Reliable for Over One Million Mechanical Cycles

The design considerations of the ring gear to survive high cycle fatigue and wear

As described elsewhere, Clarke Valve™ engineers identified a highly efficient means to provide precision process control and tight shutoff for the Shutter Valve™, through the use of a ring gear and control arms to drive the 3 petals and compress the proprietary interlocking seals of the valve mechanism.

Challenge
The centralized flow stream and other design features of the Shutter Valve significantly reduce cavitation, turbulence, and other forces that can lead to fluid erosion of the valve body and downstream connections.

To fully capitalize on this potential for longer operational life, the Shutter Valve requires the ring gear itself to be sufficiently durable to complete hundreds of thousands (or even millions) of mechanical cycles without binding or otherwise breaking down.

Solution
Ring gears are well known to be rugged and dependable. Although Clarke Valve can manufacture the ring gear using different alloys to meet customer specifications, we most commonly form the ring gear out of 17-4 stainless steel. This is due to its inherent resistance to corrosion, its machinability, and the high levels of hardness that can be achieved with heat treating. Similar considerations led us to choose 316 stainless steel as the standard material for the Shutter Valve body and bonnet, with other alloys available to suit the customer’s application.

The configuration and the tolerances of the gearing in the Shutter Valve are so precise and well designed that the mechanism essentially runs dry, with little or no lubrication required for sustained operation. Clarke Valve works closely with our partners at Tracey Gear to optimize the efficiency of the ring gear and pinion gear. The beveled teeth of both gears and the precisely calculated mounting distances enable the two gears to mesh and operate for millions of cycles with minimal wear.

Shutter Valve ring gear teeth close up
Figure 1: The gearing of the Shutter Valve has been the focus of much testing and analysis. Here, the current design of the ring gear teeth shows the precise dimensions that Clarke Valve has identified for maximum efficiency and durability of our quarter-turn control valve.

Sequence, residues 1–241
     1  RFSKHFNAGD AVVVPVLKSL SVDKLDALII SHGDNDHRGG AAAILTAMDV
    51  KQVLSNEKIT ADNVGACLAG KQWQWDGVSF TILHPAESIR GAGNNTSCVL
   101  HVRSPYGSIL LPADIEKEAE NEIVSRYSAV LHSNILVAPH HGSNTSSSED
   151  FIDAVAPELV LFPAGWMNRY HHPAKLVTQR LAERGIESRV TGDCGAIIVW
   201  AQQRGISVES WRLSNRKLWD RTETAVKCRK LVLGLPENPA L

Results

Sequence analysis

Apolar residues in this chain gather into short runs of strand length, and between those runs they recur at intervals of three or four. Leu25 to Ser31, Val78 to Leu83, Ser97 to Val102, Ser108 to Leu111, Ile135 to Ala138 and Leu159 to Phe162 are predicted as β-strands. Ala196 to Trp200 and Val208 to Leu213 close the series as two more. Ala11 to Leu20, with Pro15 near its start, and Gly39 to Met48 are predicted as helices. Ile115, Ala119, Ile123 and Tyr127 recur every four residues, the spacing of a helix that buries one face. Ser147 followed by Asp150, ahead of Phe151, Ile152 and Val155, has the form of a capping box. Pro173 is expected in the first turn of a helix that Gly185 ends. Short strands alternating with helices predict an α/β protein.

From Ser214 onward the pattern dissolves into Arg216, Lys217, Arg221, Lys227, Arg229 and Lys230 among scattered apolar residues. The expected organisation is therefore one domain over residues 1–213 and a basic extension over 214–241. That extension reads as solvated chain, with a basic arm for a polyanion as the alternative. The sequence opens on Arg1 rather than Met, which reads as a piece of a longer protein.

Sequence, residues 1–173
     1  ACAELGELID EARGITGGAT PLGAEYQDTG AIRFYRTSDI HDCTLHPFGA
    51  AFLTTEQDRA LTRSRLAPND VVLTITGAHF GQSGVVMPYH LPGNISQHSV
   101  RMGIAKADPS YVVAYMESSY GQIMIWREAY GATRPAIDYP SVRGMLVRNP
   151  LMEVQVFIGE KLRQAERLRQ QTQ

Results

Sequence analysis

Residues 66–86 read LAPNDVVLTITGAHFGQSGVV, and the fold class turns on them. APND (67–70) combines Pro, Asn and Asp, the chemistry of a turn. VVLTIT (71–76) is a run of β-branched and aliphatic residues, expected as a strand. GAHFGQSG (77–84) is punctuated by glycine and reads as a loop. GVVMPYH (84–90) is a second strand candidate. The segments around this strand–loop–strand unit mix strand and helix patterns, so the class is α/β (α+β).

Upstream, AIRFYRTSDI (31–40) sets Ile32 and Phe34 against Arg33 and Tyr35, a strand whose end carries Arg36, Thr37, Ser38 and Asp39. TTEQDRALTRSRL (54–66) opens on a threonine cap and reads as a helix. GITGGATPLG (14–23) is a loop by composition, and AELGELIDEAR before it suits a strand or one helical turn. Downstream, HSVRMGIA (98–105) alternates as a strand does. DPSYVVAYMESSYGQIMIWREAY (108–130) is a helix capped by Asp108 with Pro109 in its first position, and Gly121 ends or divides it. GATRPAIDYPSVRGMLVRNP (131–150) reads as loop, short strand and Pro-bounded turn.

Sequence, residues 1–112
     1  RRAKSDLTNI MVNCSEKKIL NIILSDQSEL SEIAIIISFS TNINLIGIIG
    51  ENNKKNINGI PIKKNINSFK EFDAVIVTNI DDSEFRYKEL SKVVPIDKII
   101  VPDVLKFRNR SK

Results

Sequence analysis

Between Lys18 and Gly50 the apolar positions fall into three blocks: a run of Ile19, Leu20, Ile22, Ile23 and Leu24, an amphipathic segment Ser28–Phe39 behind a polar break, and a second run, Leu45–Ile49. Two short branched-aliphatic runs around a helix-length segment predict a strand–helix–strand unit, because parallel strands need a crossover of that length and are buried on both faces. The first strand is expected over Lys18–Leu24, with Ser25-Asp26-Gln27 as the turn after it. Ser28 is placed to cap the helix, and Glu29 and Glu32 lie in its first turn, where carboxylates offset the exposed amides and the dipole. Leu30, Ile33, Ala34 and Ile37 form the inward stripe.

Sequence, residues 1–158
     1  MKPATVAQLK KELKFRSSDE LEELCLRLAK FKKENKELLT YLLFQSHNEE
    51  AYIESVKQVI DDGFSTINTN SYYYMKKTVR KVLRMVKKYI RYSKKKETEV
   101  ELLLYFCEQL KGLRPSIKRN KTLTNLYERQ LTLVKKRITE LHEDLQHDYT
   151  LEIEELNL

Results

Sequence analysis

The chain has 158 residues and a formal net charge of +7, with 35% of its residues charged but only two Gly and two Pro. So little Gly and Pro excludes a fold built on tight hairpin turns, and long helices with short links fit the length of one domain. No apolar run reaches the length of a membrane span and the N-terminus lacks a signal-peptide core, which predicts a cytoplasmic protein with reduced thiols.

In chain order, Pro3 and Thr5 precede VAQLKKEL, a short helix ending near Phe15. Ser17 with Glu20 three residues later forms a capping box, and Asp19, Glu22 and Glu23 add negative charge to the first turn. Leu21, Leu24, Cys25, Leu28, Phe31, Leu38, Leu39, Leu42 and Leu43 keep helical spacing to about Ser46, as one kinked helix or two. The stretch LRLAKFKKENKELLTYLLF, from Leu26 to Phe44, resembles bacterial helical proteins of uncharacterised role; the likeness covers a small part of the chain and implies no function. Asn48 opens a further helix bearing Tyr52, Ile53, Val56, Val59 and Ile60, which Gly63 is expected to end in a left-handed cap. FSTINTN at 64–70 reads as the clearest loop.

Over time, all of the components of the Shutter Valve have evolved, including the design of the control arms and the design of the ring gear itself. The original ring gear was more of a true ring, with a thin circumference wall, and little or no material providing support within the interior of the ring. Although this design had the benefit of lighter weight, we observed that the considerable amount of machining required to create such a ring created a high amount of stress in the metal, and the ring was consequently prone to deformation. For a time, we machined support brackets with Teflon inserts into the valve body, to help the ring gear maintain its circumference.

Ring gear design evolution
Figure 2: This example of the Shutter Valve shows an earlier design of the ring gear. The gear itself is a true ring, with a hollow inner circumference. Three white PTFE “pills” sit in brackets to guide and stabilize the movement of the ring gear. The linkage arms shown in this model of the Shutter Valve have been replaced by the integral control arms that are now used. This design update has reduced the number of parts in the valve mechanism from 22 parts to 7 parts, simplifying assembly and increasing durability.

 

Eventually, we identified the “hub” design, employed in all of our new Shutter Valve iterations, as a solution to the problem of stress relief. The more robust hub design reduces the amount of machining required, when compared to the earlier design, and confers greater rigidity on the ring gear mechanism. Through testing, the hub design itself has also gone through some iterations. Below, left, is a version that has a slight ridge around the top interior of the ring gear circumference, with insertion points for the pins that drive the control arms. On the right side of the image below, you can see that we have made the interior ridge wider, and moved it to the bottom of the interior circumference, i.e. the surface that rides on a bearing in the valve body.

Ring gear design updates
Figure 3: Two more examples of the ring gear design evolution. The design on the left shows insertion points for control arms on the top of the ring; i.e., on the same side of the ring as the gear teeth. The design on the right is more current, with a thicker interior ridge and the insertion points moving to the bottom side of the gear; i.e., the opposite side of the gear teeth.

By placing the insertion points for the control arms on the bottom of the ring gear/hub, this allows for increased ease of initial assembly and rebuilding:

  • The hub drops into the appropriate groove in the valve body
  • The integral arms drop into the hub
  • The petals drop onto the arms

The hub glides on a bearing in the valve body, and is machined to fit into a precise groove around the central aperture of the valve, adding yet another level of stability and durability to the mechanism.

Results
In testing, the ring and pinion gear have successfully completed over one million cycles without binding or freezing. To date, we have also not had any reported failures of the ring gear in our installed base.

As the evolution of the hub design shows, we are continuously refining every aspect of the Shutter Valve. By using bench testing and finite element analysis, Clarke Valve will constantly work to extract still more value from the already dependable Shutter Valve design, for the benefit of our customers.